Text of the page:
Inspiration

With a team comprised of a triathlete and several couch potatoes, we agreed on one thing: the perfect workout isn't easy to achieve. Shuffling through your music is time consuming and distracting. Music that is too slow or too fast cause our footsteps to be out of sync with the beat of our tunes, leaving us with a feeling of uneasiness, which all too often discourages exercising altogether. The right work out song matches your pace, because your feet have a beats per minute measure when you move. We created Pacer to keep your workout in perfect rhythm, listening to the music you love.

What it does

Our app synchronizes your music to match your work out. To begin, Pacer loads and analyzes your music files from your phone and organizes them by tempo. When you start moving, Pacer analyzes the accelerometer data gathered from your phone, identifies your steps and motions, and determines your pace. Throughout your workout, whether it be a run, walk, jumping jacks, or sit ups, Pacer keeps you motivated by playing music that meets or slightly pushes your pace, depending on your preference settings.

How we built it

We used Android Studio and coded in Java to create an application for Android phones.

Challenges we ran into

The two main functionalities that make up Pacer - analyzing sound files for beats and analyzing motion data for footsteps - are non-trivial topics being studied in research programs today. We quickly discovered that these problems could not be adequately solved by different importable libraries, causing us to make some tough choices. We decided that we most highly valued the accuracy and sensitivity of pace detection. One team member with a heavy math background worked with Gaussian curves and the peaks in motion data graphs to solve the problem in MatLab, meanwhile collaborating with another team member to translate this piece of code into Java for the Android application.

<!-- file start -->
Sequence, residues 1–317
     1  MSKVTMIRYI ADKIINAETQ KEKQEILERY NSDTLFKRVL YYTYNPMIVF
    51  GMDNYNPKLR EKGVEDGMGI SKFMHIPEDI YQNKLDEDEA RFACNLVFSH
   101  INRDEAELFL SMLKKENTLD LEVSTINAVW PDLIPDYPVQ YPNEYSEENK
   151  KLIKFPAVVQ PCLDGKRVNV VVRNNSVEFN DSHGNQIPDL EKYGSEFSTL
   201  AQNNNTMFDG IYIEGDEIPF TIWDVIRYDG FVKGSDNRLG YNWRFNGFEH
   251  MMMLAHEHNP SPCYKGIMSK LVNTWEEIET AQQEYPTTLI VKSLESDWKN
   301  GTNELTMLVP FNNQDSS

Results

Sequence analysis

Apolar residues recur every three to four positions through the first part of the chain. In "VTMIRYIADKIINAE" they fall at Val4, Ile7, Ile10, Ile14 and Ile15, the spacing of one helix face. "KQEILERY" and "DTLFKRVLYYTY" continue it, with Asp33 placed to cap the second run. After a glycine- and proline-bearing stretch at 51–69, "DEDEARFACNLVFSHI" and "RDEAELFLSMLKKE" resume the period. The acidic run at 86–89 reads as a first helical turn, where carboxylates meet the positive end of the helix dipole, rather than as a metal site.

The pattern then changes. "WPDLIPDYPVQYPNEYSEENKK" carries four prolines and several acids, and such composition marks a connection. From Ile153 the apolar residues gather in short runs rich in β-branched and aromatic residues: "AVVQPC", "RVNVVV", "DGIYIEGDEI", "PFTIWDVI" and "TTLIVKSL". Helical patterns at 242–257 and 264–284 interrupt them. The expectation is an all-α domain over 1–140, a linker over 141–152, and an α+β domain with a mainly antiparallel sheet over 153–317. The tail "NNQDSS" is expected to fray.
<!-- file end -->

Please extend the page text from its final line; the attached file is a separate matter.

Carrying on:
An even more challenging task was finding the beats-per-minute of an audio file. After trying several libraries and reading about audio analysis algorithms from research papers, nothing came close to the accuracy needed to pair music with exercise. We decided to embrace the tradeoff and utilize the very human ability to identify beats. For each new song without a bpm measure recorded, Pacer plays the song and asks the user to tap along with the beat. We take this data and record it such that songs need not be analyzed more than once. Interestingly, this method of manually determining bpm is often faster than methods using beat-recognition programs.

Partway through the hackathon, we learned that Spotify had a Running feature that offered very similar functionality to Pacer. After testing the Spotify feature, we learned that our painstaking choices for pace determination accuracy indeed pay off. By using our own analysis on accelerometer motion data, Pacer more generally detects jerking motions, allowing your workout to consist of any repetitive trackable motion - rather than only running. Pacer allows users to use their own music that they know and love - rather than a predetermined playlist - and dynamically changes songs to match a change of pace. While Spotify's Running tracks only paces within the 140-160 bpm range, Pacer accommodates a larger audience by widening detectable ranges significantly.

What we're proud of

Working through the challenges proved to us that Pacer is in fact a worthwhile endeavor.

What's next for Pacer

There are many great extended functionalities that can be added to Pacer. Customizing workouts, recording progress over time, and helping users set and reach goals are next on the docket.

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